Oxford Seminar in Music Theory & Analysis
Season 2 of OSiMTA has now come to an end, having presented four meetings in Oxford and two on Zoom across the academic year. Thank you to everyone who took part and supported them.
Plans are underway for Season 3 and will be announced here in due course. These might take place in Oxford, depending on the Covid-19 situation, they might take place online, or a combination of the two! Watch this space for further news.
The Oxford Seminar in Music Theory & Analysis (OSiMTA) meets two or three times a term. Its convenors are Professor Jonathan Cross and Dr Sebastian Wedler.
Our conception of theory and analysis is critical, plural and interdisciplinary. In shaping the seminars, we aim to reflect the broad range of activity taking place under the heading of theory and analysis today, as well as to challenge boundaries, embracing not only ‘conventional’ practices and histories of theory, but also new interdisciplinary approaches that engage with cultural studies, ethnomusicology, aesthetics and philosophy, psychology, politics, performance studies, popular music studies, and so on. Speakers will include distinguished local, national and international scholars.
These seminars are open to all, including the general public. Sessions will last 90 minutes, refreshments are served, and lively discussion is encouraged. They take place on Wednesday afternoons, beginning at 16.30, in the Committee Room of the Music Faculty.
Regular updates will appear on these pages. You can also follow OSiMTA on Twitter.
Abstracts for seminars in Season 1 can be found by following the link on the left.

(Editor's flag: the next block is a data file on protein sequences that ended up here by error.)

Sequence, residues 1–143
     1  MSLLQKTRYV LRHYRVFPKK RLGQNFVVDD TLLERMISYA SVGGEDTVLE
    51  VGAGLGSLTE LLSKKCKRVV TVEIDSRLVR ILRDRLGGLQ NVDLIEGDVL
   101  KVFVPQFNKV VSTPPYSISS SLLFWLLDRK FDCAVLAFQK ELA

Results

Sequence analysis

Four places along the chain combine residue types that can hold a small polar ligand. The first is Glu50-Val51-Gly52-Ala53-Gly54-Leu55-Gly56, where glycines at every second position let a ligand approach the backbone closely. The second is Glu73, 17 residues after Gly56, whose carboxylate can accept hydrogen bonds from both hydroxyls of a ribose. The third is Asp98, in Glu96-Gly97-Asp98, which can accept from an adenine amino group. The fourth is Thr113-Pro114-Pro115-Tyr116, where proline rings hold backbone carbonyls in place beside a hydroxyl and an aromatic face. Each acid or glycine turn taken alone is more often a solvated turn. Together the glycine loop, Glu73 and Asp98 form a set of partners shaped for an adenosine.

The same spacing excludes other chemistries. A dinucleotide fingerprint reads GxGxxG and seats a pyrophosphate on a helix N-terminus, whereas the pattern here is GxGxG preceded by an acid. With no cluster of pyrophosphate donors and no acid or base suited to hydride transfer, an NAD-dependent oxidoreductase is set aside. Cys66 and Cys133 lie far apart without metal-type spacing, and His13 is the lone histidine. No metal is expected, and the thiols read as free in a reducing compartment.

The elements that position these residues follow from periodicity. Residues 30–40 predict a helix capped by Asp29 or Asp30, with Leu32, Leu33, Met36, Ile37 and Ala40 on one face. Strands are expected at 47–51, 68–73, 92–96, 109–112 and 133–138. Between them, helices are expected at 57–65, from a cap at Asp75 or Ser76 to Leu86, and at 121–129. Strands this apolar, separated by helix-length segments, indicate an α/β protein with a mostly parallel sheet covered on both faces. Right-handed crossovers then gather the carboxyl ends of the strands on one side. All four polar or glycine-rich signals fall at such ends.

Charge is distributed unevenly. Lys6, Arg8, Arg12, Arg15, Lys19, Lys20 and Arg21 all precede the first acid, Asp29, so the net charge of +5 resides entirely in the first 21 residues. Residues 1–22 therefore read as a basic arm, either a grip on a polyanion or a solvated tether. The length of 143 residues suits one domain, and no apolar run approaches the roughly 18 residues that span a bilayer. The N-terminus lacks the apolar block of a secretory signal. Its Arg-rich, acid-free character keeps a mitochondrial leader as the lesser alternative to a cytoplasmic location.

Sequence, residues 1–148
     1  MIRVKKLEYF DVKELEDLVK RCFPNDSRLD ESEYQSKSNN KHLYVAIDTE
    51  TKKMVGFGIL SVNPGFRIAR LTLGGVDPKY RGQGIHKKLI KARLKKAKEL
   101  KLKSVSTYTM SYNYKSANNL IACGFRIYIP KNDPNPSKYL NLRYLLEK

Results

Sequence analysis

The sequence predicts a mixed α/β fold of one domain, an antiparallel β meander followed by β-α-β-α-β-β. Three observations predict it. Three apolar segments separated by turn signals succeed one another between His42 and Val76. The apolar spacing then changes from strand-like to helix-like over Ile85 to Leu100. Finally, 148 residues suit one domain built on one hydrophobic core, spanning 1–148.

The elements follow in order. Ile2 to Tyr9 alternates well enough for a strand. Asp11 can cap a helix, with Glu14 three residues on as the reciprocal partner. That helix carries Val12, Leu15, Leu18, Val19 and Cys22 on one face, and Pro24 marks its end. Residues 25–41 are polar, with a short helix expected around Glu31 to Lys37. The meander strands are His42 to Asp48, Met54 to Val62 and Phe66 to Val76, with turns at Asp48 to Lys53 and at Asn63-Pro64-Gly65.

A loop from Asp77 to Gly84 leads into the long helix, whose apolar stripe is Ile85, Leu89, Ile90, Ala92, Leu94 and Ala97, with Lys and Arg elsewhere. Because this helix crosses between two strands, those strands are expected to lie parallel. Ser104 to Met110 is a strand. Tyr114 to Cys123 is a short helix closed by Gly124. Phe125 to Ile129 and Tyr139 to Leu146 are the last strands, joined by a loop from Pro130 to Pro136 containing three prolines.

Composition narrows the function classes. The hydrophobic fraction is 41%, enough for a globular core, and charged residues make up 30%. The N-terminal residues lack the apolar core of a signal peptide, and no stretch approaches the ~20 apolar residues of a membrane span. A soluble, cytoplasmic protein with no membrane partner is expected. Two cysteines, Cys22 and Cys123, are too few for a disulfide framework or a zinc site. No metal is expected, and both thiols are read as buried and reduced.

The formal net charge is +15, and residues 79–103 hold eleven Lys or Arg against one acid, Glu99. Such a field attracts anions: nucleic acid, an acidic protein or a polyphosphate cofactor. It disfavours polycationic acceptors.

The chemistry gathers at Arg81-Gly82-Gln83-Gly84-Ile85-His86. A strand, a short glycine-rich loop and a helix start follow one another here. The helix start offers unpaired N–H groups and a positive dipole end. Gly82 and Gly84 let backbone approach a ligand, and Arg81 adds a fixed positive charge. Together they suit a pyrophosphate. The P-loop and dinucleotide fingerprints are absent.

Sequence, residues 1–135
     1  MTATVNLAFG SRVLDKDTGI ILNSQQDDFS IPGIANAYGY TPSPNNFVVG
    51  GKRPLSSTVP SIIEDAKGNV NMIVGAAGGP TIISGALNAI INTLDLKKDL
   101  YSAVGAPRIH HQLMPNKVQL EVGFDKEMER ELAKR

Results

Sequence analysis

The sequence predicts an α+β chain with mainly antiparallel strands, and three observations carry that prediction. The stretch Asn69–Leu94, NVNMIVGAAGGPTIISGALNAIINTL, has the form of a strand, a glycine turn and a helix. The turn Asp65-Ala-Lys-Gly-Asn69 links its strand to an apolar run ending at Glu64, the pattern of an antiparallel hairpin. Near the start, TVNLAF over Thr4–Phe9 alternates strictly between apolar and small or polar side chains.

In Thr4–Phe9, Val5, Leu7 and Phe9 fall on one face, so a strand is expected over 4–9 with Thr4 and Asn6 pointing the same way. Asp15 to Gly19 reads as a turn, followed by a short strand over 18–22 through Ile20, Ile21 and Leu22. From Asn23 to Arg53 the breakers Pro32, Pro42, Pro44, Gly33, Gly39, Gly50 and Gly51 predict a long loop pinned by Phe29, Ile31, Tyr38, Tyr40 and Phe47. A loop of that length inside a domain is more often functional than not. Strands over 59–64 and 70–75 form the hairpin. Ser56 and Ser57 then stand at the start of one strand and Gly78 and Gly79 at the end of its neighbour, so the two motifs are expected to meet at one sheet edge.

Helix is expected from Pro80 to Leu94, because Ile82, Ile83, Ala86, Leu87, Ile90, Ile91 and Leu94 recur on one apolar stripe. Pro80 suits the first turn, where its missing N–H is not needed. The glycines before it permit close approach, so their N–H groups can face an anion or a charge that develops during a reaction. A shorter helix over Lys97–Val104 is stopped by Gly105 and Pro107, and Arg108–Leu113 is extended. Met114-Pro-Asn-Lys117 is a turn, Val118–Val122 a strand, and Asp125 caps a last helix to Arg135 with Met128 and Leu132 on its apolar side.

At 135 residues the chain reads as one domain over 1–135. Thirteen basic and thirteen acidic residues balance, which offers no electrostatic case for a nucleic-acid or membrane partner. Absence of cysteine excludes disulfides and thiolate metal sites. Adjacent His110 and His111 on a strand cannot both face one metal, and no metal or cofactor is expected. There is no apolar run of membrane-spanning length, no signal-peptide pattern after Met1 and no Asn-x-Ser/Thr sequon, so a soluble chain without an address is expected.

For further information email Jonathan.Cross@music.ox.ac.uk or Sebastian.Wedler@music.ox.ac.uk
We are delighted to announce below the programme for Season 2 of OSiMTA. Abstracts for each talk will be published in advance. Please return here for further information ahead of each seminar.
23 October 2019: Naomi Waltham-Smith (University of Warwick), ‘A motley music: the music analyst lends an ear to democracy’
20 November 2019: Sarah Moynihan (St Anne’s College, Oxford), ‘Unpicking a static reception: unheard suspensions at the seams of Sibelius’s Swan of Tuonela’
29 January 2020: Martin Stokes (King’s College, London), ‘Sentimental gesture and the politics of “shape” in the performances of Abd al-Halim Hafiz’
26 February 2020: Elizabeth Eva Leach (University of Oxford), ‘Imagining the un-encoded: analysing affect in a twelfth-century love song’
29 April 2020: Jack Boss (University of Oregon), ‘Visions of moonlight and global coherence in “Mondestrunken” from Schoenberg’s Pierrot lunaire’
13 May 2020: Chloë Zadeh (University of Manchester), ‘Femininities in circulation: gender, emotion and north Indian semi-classical music’